Convicted killer struggled with alcohol, father's death before murdering wife
Courtesy of MDCO
However, what exactly led to Trias, 45, stabbing his wife to death, leaving as many as 69 individual injuries to her body, before police responded on Jan. 11 to their home in the 4700 block of Hickory Pointe Drive in Pittsfield Township, still isn’t known.
The police report obtained by AnnArbor.com through a Freedom of Information Act request provides a few clues on possible contributing factors. In it, friends and family members lay bare Trias’ struggles with drinking, coping with the death of his father and his past issues with their marriage.
Porter was found dead in the home after Trias called his brother, telling him that he “blacked out” the night before and didn’t know if he hurt someone. But on the day of his arrest, Detective Jason Hoehner wrote that Trias seemed normal.
“During my encounter with Trias, he showed no signs of emotional distress, mental health issues, desire to harm himself or others, or any outward signs of emotion other than calm, engaging and cooperative,” Hoehner wrote.
Another friend, John McKinnon, said the couple was pleasant and happy, did favors for each other and clearly showed affection.
Yet there were underlying issues in the marriage. According to the police report, Trias said he felt penned up in the past and, in 2010, filed for divorce and moved out of the couple’s home. Sarah Porter, Katherine Porter’s sister, told police he was sometimes arrogant.
“(Sarah Porter) stated that she was not aware of any domestic violence issues going on between Katherine and JP,” the report stated. “Sarah stated that JP did have a temper, was very competitive and would get irrational about issues over his own insecurities. Sarah stated that JP was very arrogant and felt he was better than he was.
“She used examples of him being unemployed and his belief that he could get younger attractive women.”
Her sister, Martha Porter, added, “The way JP acted and treated everyone was that he only mattered,” the report stated.
No one interviewed by police said they had ever seen evidence of domestic violence in the relationship. Both Porter and Trias had tempers, but the two apparently apparently never directed their ire at each other physically.
Many friends and family members pointed toward the death of Trias’ father as a major moment in his life that sent him away from Porter and toward the bottle.
Multiple people told police Trias began drinking heavily around the time of his father’s death and during the divorce proceedings in 2010. During that year, he traveled often to Puerto Rico — where his family is originally from — to take care of his father’s estate.
Tracey Kocik, a close friend of Trias, told police the couple never had any drastic relationship problems. Porter was dedicated to her job and often worked long hours, time she couldn’t spend with Trias, and that weighed on him, according to Kocik.
“(Kocik) stated that she never knew of any single reason for JP leaving, but rather a build up of things being incompatible with her working all the time and his father dying,” the report stated.
However, it looked like things had turned for the better in late 2012. Sarah Porter told police that Trias and Porter spent Christmas with their family and everything seemed fine. Friends told police they thought the issues had passed and that Trias had seemed happier in recent months.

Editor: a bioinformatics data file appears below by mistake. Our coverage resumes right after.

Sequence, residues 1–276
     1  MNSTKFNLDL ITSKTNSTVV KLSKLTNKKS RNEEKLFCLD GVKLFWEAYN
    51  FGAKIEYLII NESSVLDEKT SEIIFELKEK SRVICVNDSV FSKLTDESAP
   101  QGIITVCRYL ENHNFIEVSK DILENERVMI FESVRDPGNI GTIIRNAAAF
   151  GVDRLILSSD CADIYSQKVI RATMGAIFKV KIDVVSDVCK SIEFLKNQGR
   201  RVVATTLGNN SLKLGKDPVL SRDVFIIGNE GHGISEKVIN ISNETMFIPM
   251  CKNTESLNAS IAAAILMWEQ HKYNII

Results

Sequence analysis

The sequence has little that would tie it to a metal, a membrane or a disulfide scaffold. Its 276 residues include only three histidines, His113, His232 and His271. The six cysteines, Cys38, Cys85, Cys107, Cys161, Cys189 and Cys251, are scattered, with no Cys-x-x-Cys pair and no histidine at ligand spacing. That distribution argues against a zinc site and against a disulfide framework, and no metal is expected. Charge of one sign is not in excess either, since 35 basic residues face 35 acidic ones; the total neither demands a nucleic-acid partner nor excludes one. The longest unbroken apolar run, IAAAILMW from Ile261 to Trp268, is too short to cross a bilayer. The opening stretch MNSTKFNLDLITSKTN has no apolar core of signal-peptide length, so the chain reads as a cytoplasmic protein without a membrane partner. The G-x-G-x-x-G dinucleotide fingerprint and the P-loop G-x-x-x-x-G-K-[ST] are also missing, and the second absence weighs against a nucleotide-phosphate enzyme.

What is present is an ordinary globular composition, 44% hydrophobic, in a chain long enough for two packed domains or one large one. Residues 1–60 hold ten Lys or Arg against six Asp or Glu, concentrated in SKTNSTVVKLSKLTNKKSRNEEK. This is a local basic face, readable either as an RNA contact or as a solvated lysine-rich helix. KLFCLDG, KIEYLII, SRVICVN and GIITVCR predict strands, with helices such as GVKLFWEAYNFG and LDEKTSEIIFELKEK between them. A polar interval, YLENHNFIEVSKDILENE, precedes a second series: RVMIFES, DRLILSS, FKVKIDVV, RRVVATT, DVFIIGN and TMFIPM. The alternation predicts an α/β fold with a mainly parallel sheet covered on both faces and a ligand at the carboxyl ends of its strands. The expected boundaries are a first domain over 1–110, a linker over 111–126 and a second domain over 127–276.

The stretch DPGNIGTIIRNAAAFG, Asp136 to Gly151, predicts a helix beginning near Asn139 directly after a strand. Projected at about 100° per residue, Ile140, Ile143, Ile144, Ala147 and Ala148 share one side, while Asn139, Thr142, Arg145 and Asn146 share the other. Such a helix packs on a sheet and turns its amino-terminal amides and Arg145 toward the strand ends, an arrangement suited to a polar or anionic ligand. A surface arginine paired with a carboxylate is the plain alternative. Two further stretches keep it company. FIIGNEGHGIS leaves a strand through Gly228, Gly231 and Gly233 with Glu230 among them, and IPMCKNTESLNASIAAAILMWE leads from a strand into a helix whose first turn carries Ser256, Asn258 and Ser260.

But something changed in Trias in the days before the murder.
His mother, Jennie Trias, told police she spoke with him on the phone every day from Jan. 6 until Jan. 10 and he seemed emotional. The last time she spoke with him before his arrest was around 9 p.m. on Jan. 10, when he told her he had been going to detox for alcohol treatment and, through tears, told her “I turned into my father, help me.”
By the next day, Porter’s body was bloodied and bruised in the couple’s home. Police found blood on bottles of Johnnie Walker Red and Goldschlager when they performed a search warrant.
A brutal death
The autopsy performed by Washtenaw County Deputy Medical Examiner Dr. Bader Cassin showed 69 wounds on Porter’s body.
Trias left a 10-inch knife in her stomach. A second knife had broken off in her skull. There were bite marks on her and a bruise on her right eye.
Trias’ face was left injured with marks consistent with fingernail scratches. Her sister, Martha Porter, doesn’t think she went down with out a fight.
Martha Porter's "sister was always a fighter and would fight to her death,” the police report stated. “Katherine Porter had long fingernails and would leave scratches if she were to fight.”
At 2:30 p.m. on Jan. 11, Trias called his brother Tom and was “unnaturally calm,” according to the report. A few hours later, the two spoke again and Trias was upset. He told his brother he blacked out the night before, had wounds on his body and didn’t know if he hurt anyone.
Trias knew he did something — he had researched local defense attorneys online and phoned the Simon and Gehrein law firm before his arrest. Joe Simon would eventually represent him during his case.
During a search of his computer, police found a to-do list, where the last line was “Kill Kathie Kill Kathie Kill Kathie!” Other items on the to-do list were as simple as grading, prepping for classes, solving mathematical problems and distributing T-shirts.
Trias had last modified the list on Jan. 5, at least five days before Porter’s death.
When he was arrested, Trias declined to speak to police because he wanted to have a lawyer present. He was never interviewed and, when he spoke in court, never gave a clue as to what possible motivation he had for killing his wife. More answers may yet come: Trias is being sued by Porter’s family in a wrongful death lawsuit.
Still, those close to the couple find it hard to believe that Trias was himself when he made the decision to kill Porter.
“Something in JP broke for him to have done this,” Kocik said.